Stalin toned down the Communist doctrine of world proletarian revolution, beginning with his theory of “socialism in one country” (1924), while he tightened Soviet control over the parties of the Communist International and used them as agents of influence and espionage in the service of *Soviet foreign policy.

In the mid-1930s Stalin sought alliances with the Western democracies in the name of “collective security,” and ordered foreign Communist parties to support democratic governments through the “Popular Front.” Then, to buy time, he concluded the German-Soviet Nonaggression Pact of August 1939 that set the stage for World War II. In 1939–1940, under cover of the pact, Stalin advanced the Soviet Union's western borders and annexed the Baltic Republics of Lithuania, Latvia, and Estonia.

Thanks to Stalin's efforts to placate Adolf Hitler and his refusal to heed intelligence warnings, Soviet forces were taken by surprise when Germany invaded in June 1941, and suffered crushing initial defeats. Stalin at first panicked, but then assumed personal control over military operations. At war's end the Red Army had pushed back all the way to Berlin, occupying the entire band of East-Central and Southeastern European countries that had collaborated with the Nazis or had been occupied by them. Despite his promise at the Yalta Conference of January–February 1945 to respect democratic principles in this region, Stalin proceeded to install the local Communists in power, along with the Soviet model of government and economy, thereby helping to bring on the Cold War between the Soviet Union and the Western powers. Communists as well as non-Communists who resisted Soviet hegemony were purged, with the exception of Tito's Yugoslavia, which was expelled in 1948 from the Communist Information Bureau (Cominform) linking the new Communist governments.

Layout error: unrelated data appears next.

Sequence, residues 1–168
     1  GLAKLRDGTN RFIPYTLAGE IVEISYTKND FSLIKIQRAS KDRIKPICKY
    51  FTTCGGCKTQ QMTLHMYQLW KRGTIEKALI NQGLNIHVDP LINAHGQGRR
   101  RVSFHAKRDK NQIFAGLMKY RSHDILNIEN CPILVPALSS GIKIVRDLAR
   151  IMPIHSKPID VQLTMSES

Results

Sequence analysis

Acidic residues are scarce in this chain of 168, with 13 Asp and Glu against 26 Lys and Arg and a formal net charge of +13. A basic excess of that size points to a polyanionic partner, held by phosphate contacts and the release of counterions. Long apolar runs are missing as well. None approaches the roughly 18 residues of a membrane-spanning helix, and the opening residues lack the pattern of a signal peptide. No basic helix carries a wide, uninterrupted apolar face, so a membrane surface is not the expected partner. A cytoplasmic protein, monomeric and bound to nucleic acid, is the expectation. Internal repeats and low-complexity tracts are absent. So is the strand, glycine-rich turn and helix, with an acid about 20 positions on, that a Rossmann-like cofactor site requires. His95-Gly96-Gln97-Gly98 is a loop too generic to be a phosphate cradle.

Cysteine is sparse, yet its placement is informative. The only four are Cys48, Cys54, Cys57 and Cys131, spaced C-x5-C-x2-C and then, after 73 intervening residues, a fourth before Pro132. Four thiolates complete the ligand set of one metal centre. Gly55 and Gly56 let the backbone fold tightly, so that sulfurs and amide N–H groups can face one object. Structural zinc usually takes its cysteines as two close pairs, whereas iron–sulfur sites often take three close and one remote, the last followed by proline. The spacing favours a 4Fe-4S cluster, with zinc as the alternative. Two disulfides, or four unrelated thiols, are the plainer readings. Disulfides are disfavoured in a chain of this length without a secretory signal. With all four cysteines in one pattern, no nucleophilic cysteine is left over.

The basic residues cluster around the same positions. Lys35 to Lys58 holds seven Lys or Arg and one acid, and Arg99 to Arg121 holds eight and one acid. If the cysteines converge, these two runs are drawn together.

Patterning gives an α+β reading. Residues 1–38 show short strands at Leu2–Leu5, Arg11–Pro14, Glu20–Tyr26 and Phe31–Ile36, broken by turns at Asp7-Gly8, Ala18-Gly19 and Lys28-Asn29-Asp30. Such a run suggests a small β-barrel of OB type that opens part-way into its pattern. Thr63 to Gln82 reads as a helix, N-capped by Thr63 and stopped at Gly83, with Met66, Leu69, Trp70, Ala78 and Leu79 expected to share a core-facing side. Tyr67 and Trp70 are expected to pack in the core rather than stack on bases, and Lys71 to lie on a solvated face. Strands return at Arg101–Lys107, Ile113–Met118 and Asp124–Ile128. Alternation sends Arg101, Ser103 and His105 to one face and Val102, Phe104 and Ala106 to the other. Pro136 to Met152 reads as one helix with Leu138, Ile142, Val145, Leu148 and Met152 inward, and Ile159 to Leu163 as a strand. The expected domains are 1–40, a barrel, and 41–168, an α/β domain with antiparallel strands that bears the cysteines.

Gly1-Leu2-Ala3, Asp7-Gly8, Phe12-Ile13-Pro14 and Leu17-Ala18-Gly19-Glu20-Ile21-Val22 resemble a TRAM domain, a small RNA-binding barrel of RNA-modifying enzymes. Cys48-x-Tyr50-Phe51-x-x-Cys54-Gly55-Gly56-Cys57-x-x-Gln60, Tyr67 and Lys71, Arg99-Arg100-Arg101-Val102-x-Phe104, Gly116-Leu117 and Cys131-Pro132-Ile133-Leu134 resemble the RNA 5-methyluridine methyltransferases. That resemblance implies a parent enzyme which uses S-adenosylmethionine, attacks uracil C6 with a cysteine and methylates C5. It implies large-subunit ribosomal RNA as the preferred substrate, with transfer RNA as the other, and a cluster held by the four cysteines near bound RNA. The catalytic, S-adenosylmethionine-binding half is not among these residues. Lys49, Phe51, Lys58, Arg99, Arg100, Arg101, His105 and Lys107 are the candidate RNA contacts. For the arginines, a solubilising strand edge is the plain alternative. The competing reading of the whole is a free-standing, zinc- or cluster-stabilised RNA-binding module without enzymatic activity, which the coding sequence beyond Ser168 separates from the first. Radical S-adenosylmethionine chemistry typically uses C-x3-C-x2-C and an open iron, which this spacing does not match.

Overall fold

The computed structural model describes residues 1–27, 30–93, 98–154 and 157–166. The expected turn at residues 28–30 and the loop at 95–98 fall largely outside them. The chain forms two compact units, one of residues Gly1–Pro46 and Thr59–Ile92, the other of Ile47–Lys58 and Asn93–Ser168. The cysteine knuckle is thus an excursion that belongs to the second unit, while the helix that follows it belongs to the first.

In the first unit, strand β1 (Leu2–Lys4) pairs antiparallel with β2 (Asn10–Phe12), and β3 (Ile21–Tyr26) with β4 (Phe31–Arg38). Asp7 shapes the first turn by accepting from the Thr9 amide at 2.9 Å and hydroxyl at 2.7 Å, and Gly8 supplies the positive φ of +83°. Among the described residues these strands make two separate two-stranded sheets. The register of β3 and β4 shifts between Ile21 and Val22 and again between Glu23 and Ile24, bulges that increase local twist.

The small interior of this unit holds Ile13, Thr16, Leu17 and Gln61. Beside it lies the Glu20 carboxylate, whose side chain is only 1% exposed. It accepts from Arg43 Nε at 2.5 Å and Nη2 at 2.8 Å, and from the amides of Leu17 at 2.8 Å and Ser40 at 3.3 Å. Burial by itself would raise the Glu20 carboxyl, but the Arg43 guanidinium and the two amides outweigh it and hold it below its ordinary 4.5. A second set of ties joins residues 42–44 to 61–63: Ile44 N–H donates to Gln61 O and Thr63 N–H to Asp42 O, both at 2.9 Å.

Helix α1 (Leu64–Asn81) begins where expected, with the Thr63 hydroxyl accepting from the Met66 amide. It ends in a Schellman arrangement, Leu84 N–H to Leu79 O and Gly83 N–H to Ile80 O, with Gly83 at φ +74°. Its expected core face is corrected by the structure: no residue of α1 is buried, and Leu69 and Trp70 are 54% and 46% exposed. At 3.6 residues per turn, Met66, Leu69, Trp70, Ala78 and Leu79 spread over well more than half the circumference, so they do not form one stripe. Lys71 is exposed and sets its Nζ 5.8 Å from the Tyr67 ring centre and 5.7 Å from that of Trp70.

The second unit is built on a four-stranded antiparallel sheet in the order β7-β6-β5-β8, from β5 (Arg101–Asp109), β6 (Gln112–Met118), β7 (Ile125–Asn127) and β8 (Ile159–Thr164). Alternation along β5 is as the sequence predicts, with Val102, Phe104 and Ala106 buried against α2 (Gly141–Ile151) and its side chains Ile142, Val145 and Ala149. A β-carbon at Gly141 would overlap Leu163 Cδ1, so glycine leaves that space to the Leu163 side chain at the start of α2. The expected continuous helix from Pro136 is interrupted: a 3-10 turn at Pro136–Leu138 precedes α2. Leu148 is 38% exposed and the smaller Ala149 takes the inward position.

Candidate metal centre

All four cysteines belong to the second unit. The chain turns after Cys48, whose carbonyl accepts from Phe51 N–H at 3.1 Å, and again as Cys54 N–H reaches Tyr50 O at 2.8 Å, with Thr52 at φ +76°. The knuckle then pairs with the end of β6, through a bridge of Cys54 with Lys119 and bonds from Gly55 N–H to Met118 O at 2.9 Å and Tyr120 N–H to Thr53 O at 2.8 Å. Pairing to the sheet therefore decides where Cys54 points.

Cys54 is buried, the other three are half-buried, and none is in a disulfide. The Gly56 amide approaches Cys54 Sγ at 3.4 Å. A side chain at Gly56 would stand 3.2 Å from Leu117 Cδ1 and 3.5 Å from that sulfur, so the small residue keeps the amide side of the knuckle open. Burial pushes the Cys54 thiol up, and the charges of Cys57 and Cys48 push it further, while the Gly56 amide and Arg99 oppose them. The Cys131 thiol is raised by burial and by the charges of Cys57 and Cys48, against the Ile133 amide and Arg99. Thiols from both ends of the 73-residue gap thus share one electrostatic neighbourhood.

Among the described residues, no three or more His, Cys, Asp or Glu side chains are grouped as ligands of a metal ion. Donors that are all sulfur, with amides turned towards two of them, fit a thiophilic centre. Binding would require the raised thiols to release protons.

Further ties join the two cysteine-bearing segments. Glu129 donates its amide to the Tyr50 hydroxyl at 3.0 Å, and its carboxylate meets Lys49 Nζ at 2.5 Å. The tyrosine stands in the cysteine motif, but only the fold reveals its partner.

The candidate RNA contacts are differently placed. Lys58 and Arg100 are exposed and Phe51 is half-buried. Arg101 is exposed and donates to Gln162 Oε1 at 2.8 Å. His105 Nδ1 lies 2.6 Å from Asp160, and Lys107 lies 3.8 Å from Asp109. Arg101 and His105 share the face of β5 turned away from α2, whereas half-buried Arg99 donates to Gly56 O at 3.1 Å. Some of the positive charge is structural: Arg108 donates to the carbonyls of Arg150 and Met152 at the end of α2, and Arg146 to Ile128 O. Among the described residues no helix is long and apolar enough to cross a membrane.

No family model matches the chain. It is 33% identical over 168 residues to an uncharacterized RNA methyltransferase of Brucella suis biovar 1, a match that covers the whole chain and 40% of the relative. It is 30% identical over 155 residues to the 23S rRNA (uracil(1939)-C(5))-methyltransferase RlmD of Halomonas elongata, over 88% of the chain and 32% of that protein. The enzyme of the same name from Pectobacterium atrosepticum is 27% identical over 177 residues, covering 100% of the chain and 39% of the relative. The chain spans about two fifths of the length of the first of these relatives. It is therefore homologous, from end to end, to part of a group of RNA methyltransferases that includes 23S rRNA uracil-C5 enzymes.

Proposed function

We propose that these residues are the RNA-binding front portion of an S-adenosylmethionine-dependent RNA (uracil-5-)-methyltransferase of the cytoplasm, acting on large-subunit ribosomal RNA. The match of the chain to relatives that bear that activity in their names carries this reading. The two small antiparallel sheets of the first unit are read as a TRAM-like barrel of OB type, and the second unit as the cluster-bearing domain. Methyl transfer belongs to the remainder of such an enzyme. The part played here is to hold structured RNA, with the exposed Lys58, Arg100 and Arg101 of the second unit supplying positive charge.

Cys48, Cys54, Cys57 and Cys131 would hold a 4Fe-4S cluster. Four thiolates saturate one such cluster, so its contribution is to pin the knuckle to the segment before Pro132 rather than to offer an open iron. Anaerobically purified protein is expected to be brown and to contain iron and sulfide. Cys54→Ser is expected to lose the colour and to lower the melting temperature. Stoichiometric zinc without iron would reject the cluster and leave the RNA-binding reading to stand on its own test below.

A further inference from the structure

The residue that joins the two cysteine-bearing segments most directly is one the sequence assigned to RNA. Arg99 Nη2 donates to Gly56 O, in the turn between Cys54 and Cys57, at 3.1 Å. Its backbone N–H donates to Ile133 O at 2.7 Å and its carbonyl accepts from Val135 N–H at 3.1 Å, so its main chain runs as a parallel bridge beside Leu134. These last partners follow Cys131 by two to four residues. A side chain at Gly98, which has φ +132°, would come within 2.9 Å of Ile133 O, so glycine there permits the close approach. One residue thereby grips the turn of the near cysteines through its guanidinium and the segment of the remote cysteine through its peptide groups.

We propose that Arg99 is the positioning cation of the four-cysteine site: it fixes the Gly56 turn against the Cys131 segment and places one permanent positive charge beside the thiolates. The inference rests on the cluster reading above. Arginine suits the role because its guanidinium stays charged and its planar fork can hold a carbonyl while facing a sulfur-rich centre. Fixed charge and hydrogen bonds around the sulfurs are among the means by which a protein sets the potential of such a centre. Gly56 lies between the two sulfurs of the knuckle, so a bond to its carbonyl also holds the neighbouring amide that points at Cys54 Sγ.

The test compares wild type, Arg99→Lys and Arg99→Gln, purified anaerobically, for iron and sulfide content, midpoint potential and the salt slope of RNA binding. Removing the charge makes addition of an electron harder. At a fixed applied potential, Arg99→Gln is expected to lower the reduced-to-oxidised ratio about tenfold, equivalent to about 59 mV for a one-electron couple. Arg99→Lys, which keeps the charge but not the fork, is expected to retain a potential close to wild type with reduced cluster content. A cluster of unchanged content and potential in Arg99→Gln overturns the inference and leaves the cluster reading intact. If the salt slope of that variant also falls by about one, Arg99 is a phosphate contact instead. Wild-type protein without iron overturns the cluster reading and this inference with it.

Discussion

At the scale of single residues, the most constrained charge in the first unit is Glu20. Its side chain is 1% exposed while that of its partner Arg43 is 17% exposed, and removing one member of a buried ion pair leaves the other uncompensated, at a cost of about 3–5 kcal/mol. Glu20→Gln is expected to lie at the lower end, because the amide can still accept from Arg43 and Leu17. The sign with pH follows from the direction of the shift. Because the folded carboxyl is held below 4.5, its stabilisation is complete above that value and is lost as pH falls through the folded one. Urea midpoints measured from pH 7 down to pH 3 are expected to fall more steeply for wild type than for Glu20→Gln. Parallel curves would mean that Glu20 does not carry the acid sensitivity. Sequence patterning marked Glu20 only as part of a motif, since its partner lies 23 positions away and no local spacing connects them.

Stalin took the victory of 1945 as vindication of his command economy, and intensified his dictatorial control instead of relaxing it as his subjects had hoped. He continued to conduct purges, particularly against ethnic minorities, foreign influences, and Jewish cultural figures. Possible further purges were cut short by his death of a stroke on 5 March 1953.

Stalin's model of government and economy was copied in China, North Korea, North Vietnam, and Cuba. The term “Neo-Stalinism” is generally applied to the antireform government of Leonid Brezhnev that followed the overthrow of Nikita Khrushchev in 1964, and to other Communist governments that followed the lead of the Brezhnev regime.

Stalin's place in history has been subject to widely differing interpretations. The official Communist line while he was still living was that he had continued the proletarian revolution and the building of socialism begun by Lenin, crushed the “enemies of the people,” and inspired every area of Soviet life and thought with his genius. This view was repudiated in part by Khrushchev in his de-Stalinization campaign of 1956–1961 emphasizing the terror of the purges, and further by Mikhail Gorbachev during the period of “perestroika” from 1985 to 1991, rejecting Stalinism as a “command-administrative system” that had merely created “barracks socialism.”